The Four Feathers (1939) - Zoltan Korda

Posted By : amlo01 | Date : 16 Jan 2010 22:27:15 | Comments : 0 |

The Four Feathers (1939)

The Four Feathers (1939) - Zoltan Korda
DivX | MP3 - 128 kbps (2 ch) | 640 x 480 | English | 01:55 min | 1.15 GB
Director: Zoltan Korda | Countries: UK, USA | Genres: Adventure, Drama, War

Cast: John Clements, Ralph Richardson, C. Aubrey Smith, June Duprez, Allan Jeayes

This was the first sound production of A.E.W. Mason's classic adventure novel, which was brought to the screen three times in the silent era. Harry Faversham (John Clements) is the son of a military man who expects his son to follow in his footsteps on the fields of battle. Gen. Burroughs (C. Aubrey Smith), the father of Faversham's sweetheart, Ethne (June Duprez), was also a hero in the Crimean War, and he often regales Harry with tales of his exploits under fire. However, Harry is not so sure he believes in the family's tradition of military service and resigns his commission in 1898, shortly before his company is scheduled to head into the Sudan. Three of Faversham's comrades in arms, Capt. John Durrance (Ralph Richardson), Lt. Peter Burroughs (Donald Gray), and Lt. Arthur Willoughby (Jack Allen), each present Harry with a white feather, symbolizing their belief that he is a coward; Ethne shares their belief, and gives him one as well. Disgusted with himself, Faversham disguises himself as a Sangali tribesman and travels to the Sudan so that he might be able to move behind enemy lines and serve the British forces as a scout and reconnaissance agent. When his former regiment is attacked, Faversham is able to lead Burroughs and Willoughby to safety, with the wounded Durrance not realizing that the Arab who saved his life was in fact the man that he accused of cowardice. The Four Feathers was a great critical and commercial success and received an Academy Award nomination for Best Cinematography. (allmovie.com by Mark Deming)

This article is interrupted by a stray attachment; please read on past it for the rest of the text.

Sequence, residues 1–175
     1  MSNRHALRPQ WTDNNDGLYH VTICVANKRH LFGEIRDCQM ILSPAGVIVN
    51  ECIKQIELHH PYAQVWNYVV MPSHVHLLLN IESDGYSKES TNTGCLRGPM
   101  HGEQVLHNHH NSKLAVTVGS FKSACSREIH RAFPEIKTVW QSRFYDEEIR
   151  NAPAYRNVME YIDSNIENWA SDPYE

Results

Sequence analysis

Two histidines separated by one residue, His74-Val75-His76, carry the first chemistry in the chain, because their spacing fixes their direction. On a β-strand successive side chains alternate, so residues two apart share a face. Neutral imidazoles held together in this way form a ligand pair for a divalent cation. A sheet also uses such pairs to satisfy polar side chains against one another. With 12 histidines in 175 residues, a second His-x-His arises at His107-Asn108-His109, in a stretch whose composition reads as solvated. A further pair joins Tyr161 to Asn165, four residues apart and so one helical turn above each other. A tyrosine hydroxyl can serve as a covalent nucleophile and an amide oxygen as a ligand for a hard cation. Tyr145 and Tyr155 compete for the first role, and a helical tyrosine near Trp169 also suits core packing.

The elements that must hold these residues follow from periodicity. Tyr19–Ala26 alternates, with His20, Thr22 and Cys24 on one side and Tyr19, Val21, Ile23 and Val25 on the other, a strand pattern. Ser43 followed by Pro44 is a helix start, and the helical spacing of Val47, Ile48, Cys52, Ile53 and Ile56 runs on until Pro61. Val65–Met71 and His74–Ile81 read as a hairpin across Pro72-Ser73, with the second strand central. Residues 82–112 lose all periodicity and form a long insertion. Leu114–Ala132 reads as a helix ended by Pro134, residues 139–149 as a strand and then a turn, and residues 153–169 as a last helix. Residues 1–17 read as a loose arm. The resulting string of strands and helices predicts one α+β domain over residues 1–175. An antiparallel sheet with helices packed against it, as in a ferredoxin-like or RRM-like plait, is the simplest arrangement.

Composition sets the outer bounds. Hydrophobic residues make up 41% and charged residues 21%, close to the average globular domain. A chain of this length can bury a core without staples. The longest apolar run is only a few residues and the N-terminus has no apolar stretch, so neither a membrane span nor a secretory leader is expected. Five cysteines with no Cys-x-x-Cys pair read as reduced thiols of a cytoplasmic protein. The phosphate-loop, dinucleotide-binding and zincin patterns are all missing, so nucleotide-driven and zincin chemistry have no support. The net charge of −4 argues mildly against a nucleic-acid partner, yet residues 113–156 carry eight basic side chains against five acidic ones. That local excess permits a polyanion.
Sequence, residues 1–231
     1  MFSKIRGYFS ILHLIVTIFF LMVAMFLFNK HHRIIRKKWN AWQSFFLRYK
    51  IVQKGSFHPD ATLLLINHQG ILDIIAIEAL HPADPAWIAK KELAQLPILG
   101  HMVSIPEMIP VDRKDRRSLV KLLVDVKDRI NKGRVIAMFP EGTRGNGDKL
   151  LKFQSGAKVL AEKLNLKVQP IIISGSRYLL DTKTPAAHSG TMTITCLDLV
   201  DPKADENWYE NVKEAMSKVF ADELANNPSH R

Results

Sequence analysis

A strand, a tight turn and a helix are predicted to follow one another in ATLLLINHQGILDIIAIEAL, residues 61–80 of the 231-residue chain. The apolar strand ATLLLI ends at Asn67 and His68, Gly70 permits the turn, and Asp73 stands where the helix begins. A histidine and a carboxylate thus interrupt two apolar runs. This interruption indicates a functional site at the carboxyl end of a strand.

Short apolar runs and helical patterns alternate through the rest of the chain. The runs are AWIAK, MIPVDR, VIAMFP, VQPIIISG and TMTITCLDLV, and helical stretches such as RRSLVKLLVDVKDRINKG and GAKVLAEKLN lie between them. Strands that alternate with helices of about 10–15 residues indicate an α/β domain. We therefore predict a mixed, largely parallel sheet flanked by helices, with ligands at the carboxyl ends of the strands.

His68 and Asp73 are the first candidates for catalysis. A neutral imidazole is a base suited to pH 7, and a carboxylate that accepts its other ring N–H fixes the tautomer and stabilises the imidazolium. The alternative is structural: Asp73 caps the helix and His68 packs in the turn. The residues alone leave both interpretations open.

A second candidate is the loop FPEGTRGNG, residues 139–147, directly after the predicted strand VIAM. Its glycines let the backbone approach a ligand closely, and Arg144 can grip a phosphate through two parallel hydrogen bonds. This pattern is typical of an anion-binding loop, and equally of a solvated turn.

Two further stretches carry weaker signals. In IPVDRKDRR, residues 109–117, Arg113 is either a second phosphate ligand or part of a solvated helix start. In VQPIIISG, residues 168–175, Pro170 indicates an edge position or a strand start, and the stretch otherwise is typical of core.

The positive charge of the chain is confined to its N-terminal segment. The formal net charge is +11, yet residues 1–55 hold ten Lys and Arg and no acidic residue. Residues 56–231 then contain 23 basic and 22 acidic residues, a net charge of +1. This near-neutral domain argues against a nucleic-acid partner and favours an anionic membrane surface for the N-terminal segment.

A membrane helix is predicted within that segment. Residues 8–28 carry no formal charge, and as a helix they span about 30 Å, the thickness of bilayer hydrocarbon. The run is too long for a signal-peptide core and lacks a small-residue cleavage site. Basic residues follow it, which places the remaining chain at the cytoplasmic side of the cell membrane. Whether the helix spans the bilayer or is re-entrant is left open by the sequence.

Zoltan Korda's 1938 The Four Feathers was the last and best traditional patriotic film of the pre-World War II era. Based on a 1902 novel by A.E.W. Mason, it benefited from glorious Technicolor photography and unique location shooting: Korda and his second unit crew, under Osmond H. Borradaile, not only shot the action scenes where the battles really took place but also included among the extras people who'd actually seen the fighting (and participated in it) 45 years earlier. Coupled with Korda's skills as an action director (he'd been a cavalry officer, and he knew how to move men and their mounts quickly and to good effect), the result was a movie that captured the imagination of the public on the eve of World War II with its vision of self-sacrifice and gallantry. The movie is a reminder of a time when it was possible to believe that armies could liberate peoples from tyranny, and that the use of force could be a good thing. The film is not unquestioning in this belief, as attested by its brutally humorous treatment of the aging general played by Sir C. Aubrey Smith ("Those were the days when war was war, and men were men"), but ultimately it comes down on the side of action as opposed to inaction. Korda's and Borradaile's African footage was so good that it has been reused in dozens of other movies (including remakes of this one). Follow That Camel, by the British Carry On company, was a direct and savage satire of The Four Feathers; and, as was revealed in an interview shortly after its release, it was The Four Feathers and not Beau Geste that Marty Feldman was satirizing in The Last Remake of Beau Geste, but it was too late to change the title once he'd realized his mistake. (allmovie.com by Bruce Eder)


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